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International Students and the Job Search Looking for a job is seldom easy for any student. For you, the international student, the job search process can be especially confusing. You may lack an understanding of U.S. employment regulations, or perhaps you are unaware of the impact your career choice has on your job search. You may also be unsure about your role as the job-seeker and the resources used by American employers to find candidates. The following is an overview of the issues most relevant to international students in developing a job search strategy. Additional information about the employment process and related topics can be found through your career center and on the Internet.

Bureau of U.S. Citizenship and Immigration Services Regulations As an international student, you should only obtain employmentrelated information from an experienced immigration attorney or your campus USCIS representative. Advice from any other resource may be inaccurate. Once you have decided to remain in the United States to work, contact the international student services office or the office of human resources on your campus and make an appointment with your USCIS representative. In addition to helping you fill out necessary forms, the USCIS representative will inform you of the costs associated with working in the United States.

Importance of Skills and Career Field Find out if your degree and skills-set are currently in demand in the U.S. job market. An advanced degree, highly marketable skills or extensive experience will all make your job search easier. Find out what region of the United States holds the majority of the jobs in your field; you may need to relocate in order to find the job you want. Learn all you can about your targeted career field by talking to professors, reading industry publications and attending professional meetings and regional conferences.

Role of Employers It is the employer’s responsibility to find the right people for his or her company - not to help you find a job. The interview is successful when both of you see a match between the employer’s needs and your interest and ability to do the job. The employer (through hiring managers, human resources staff or employment agencies) will most likely use several resources to find workers, including: • College recruiting • Campus or community career fairs • Posting jobs on the company website or on national job posting sites on the Internet • Posting jobs in major newspapers or trade publications • Posting jobs with professional associations • Resume searches on national online services • Employee referrals • Regional and national conferences • Employment agencies (“headhunters”) Are you accessible to employers through at least some of the above strategies? If not, develop a plan to make sure your credentials are widely circulated. Notify as many people as possible in your field about your job search.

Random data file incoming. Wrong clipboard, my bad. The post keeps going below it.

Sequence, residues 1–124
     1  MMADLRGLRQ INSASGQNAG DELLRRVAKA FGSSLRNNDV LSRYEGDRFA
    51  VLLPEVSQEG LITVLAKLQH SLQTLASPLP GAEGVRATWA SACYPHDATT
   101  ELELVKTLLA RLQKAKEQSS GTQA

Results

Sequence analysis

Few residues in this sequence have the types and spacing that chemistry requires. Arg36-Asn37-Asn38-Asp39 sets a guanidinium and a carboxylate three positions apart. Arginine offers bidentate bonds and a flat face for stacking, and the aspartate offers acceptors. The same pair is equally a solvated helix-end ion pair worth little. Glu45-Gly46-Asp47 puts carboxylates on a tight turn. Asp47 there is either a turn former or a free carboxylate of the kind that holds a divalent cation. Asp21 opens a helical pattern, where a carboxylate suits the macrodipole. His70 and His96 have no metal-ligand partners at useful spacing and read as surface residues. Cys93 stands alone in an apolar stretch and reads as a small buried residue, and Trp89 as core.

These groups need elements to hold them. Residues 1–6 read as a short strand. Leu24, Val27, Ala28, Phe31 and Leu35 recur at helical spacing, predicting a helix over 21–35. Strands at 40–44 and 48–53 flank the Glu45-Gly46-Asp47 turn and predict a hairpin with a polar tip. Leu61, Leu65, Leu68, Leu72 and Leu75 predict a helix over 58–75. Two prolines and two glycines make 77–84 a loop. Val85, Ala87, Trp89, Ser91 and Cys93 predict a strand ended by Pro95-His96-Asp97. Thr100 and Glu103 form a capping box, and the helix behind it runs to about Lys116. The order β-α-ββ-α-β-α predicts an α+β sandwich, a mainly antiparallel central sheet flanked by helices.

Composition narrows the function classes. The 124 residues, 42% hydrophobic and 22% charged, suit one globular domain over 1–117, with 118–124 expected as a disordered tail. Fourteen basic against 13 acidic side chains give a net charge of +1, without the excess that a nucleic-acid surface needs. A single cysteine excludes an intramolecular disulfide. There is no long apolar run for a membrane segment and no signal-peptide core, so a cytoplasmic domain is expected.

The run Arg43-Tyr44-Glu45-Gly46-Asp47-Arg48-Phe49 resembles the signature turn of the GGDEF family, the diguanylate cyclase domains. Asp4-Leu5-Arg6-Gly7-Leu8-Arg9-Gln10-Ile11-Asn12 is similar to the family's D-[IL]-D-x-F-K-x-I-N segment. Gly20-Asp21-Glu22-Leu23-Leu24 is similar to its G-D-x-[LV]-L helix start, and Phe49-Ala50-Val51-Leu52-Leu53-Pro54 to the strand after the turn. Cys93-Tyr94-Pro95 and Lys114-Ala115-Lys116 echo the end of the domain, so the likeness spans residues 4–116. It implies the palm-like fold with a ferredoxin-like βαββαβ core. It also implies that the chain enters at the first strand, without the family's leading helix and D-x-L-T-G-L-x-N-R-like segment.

Strong Communication Skills You can help the employer make an informed hiring decision if you: • Provide a well-prepared resume that includes desirable skills and relevant employment experiences. • Clearly convey your interests and ability to do the job in an interview. • Understand English when spoken to you and can effectively express your thoughts in English. It’s important to be able to positively promote yourself and talk with confidence about your education, relevant skills and related experiences. Self-promotion is rarely easy for anyone. But, it can be especially difficult for individuals from cultures where talking about yourself is considered inappropriate. When interviewing in the United States, however, you are expected to be able to explain your credentials and why you are suitable for the position. Be sensitive to the interviewer’s verbal and nonverbal cues. Some international students may not realize when their accent is causing them to be misunderstood. Interviewers are sometimes too embarrassed or impatient to ask for clarification, so be on the lookout for nonverbal clues, such as follow-up questions that don’t match your responses or sudden disinterest on the part of the interviewer. Also, make sure you express proper nonverbal communication; always look directly at the employer in order to portray confidence and honesty. If your English language skills need some work, get involved with campus and community activities. These events will allow you to practice speaking English. The more you use the language, the more proficient you will become. These activities are also a great way to make networking contacts.

The Career Center The Career Center can be a valuable resource in your job search. Be aware, however, that some employers using the Career Center won’t interview students who are not U.S. citizens. Though this may limit your ability to participate in some campus interviews, there are numerous ways to benefit from the Career Center: • Attend sessions on job search strategies and related topics. • Work with the Career Center staff to develop your job search strategy. • Attend campus career fairs and company information sessions to inquire about employment opportunities and to practice your networking skills. It’s a good idea to get advice from other international students who have successfully found employment in this country and to start your job search early. Create and follow a detailed plan of action that will lead you to a great job you can write home about. Written by Rosita Smith


Career Success Guide 2011-2012  

Career Success Guide 2011-2012

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